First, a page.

Give yourself a new financial year check-up
By Robert Wright /August 07,2020/
Financial year 2019-20 is now behind us and there’s nothing like closing a chapter to inspire thoughts of a fresh start. But global challenges persist: Australia is officially in a recession while also bracing for a post-Job Keeper economy in September.
While it’s impossible to anticipate future changes to the global economy, there’s plenty you can do to help prepare your personal finances for an unpredictable future. A new financial year is a great time for a check-up and to set yourself new financial goals.
Know your current financial position
The best way to know where you’re headed is to understand exactly where you are. Getting a clear financial picture of your current position – even if it’s one that you’re hoping to improve – is key to unlocking a financial future that you can control.
Start by totalling your monthly expenses and looking at your income. By looking at these two things in detail, you might uncover some unnecessary costs that could be trimmed from your budget. One of the quickest ways to do this is with an automated budget tracker, which automatically tracks and organises all your spending into relevant categories.
Don’t forget to look at your liabilities, too. How much is your credit card debt? Do you have a car loan that’s eating into a possible savings plan and stopping you from achieving your long-term financial goals?
If you have similar information about your finances from last year, use this time to make an annual comparison of your income, expenses and liabilities. Maybe you’ve done better than you think, in which case, it’s cause for celebration. If not, you’ll have an idea of how much you need to recoup or alter in order to improve your situation this year.
Once you’ve got a grasp of your starting position, don’t just forget about it. Keep it somewhere you can refer back to this time next year – or even more frequently – to measure your progress.
Shift your mindset around money
Although we tend to think of money in dollars and cents, there’s a significant psychological component to personal finance. Recent research has found that 81 % of Australians ‘comfort spend’ to try to improve their mood; this is a staggering combined total of $25.5 billion a year.
In addition to simply crunching the numbers, it’s worth taking a closer look at your mindset around money. Renowned psychologist Carol Dweck has spent decades exploring the importance of embracing a ‘growth mindset’, an approach that honours effort and perseverance in reaching goals, as opposed to the ‘fixed mindset’, which suggests our circumstances are unchangeable because our traits are predetermined.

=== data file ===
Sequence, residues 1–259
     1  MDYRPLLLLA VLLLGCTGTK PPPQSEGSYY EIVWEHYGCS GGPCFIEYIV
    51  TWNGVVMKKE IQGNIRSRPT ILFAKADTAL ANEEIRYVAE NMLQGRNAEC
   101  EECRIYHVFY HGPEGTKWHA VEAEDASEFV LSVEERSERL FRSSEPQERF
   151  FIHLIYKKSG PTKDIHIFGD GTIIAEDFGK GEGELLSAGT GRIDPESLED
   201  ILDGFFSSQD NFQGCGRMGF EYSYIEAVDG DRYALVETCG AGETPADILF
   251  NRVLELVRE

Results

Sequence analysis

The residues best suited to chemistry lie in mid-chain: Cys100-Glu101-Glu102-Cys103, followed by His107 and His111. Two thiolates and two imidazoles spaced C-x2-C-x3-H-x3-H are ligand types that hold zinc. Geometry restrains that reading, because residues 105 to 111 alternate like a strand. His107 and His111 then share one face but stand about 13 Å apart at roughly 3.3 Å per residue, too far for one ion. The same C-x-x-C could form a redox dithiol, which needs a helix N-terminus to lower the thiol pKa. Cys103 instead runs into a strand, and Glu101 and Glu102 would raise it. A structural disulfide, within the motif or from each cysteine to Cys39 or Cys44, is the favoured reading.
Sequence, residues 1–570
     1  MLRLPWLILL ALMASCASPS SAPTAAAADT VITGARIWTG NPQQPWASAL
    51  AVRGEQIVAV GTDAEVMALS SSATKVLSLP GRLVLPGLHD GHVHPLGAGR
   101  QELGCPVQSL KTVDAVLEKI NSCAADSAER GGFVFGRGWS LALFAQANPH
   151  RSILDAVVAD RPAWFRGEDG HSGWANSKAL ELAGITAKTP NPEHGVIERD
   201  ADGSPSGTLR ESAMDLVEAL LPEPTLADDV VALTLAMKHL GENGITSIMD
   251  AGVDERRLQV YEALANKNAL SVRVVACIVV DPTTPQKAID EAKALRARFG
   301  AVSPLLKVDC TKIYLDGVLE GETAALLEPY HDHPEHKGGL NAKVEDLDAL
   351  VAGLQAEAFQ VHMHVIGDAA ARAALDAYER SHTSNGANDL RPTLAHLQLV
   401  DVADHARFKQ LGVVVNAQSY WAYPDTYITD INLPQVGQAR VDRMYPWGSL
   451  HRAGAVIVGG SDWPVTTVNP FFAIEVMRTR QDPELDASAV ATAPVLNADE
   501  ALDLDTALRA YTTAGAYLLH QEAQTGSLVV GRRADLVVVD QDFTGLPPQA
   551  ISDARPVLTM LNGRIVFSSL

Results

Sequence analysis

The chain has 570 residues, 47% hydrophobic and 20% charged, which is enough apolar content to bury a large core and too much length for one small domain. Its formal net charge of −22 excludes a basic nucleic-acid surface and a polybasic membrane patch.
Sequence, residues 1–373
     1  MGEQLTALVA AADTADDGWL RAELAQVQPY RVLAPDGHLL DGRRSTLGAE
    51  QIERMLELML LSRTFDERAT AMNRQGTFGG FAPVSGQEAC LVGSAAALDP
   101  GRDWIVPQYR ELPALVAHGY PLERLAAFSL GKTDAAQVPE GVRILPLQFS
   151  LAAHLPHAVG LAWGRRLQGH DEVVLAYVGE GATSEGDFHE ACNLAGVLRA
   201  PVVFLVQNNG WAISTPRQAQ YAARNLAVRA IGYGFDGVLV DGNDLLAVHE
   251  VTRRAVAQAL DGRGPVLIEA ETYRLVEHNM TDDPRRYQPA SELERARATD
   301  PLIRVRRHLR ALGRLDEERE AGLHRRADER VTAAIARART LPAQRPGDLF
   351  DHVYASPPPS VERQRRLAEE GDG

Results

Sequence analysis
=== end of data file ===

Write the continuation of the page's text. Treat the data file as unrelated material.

What does this have to do with your money? Dweck’s research suggests we can stay motivated by focusing on what is within our control: knowing that the changes we implement have a real effect on the outcome constitutes a growth mindset and is more likely to serve us in planning our financial future.
Focus on what you can control
Some spending, such as utility bills and groceries, are inevitable and a necessary part of life. But it’s still possible to focus on those things that are within your control, linking back to Dweck’s research. For example, you could take some time to research ways to save money and switch to a cheaper energy plan, purchase home-brand groceries rather than more expensive options or wait for certain items to go on sale.
Alternatively, you could commit to a more conscious approach to purchasing, such as mindful spending, as a way of curbing expenses and heightening awareness of where your money is heading. Try the seven-day rule as an easy way to cut down on impulse purchases and gain more control over every dollar in your budget.
Make clear plans
Getting clear on a plan for the future is a great way to achieve objectives for the financial year ahead. Setting goals that fall under the SMART category (that is, they are specific, measurable, attainable and realistic goals that adhere to a timeframe) is a popular way to approach your financial objectives. Some studies have found a 76% success rate for those who write their SMART goals down.
You could also try the ‘if-then’ strategy, which links a certain outcome with actionable behaviour. For example: ‘if I don’t pay off my credit card by November, I’ll stop buying my morning coffee for a month’. People who implement this strategy are up to 300% more likely to tick things off their list.
Celebrate your financial success
A common problem with the concept of a budget is that it seems prohibitive. It’s all about what you can’t spend, which can have a negative connotation. Switch things up and make an effort to celebrate those times when you’ve made strides in your financial situation, whether it’s paying off debt or getting closer to that savings goal.
Keeping track of your starting position at the outset of the financial year can also help with this as you can measure your progress and goals in facts and figures.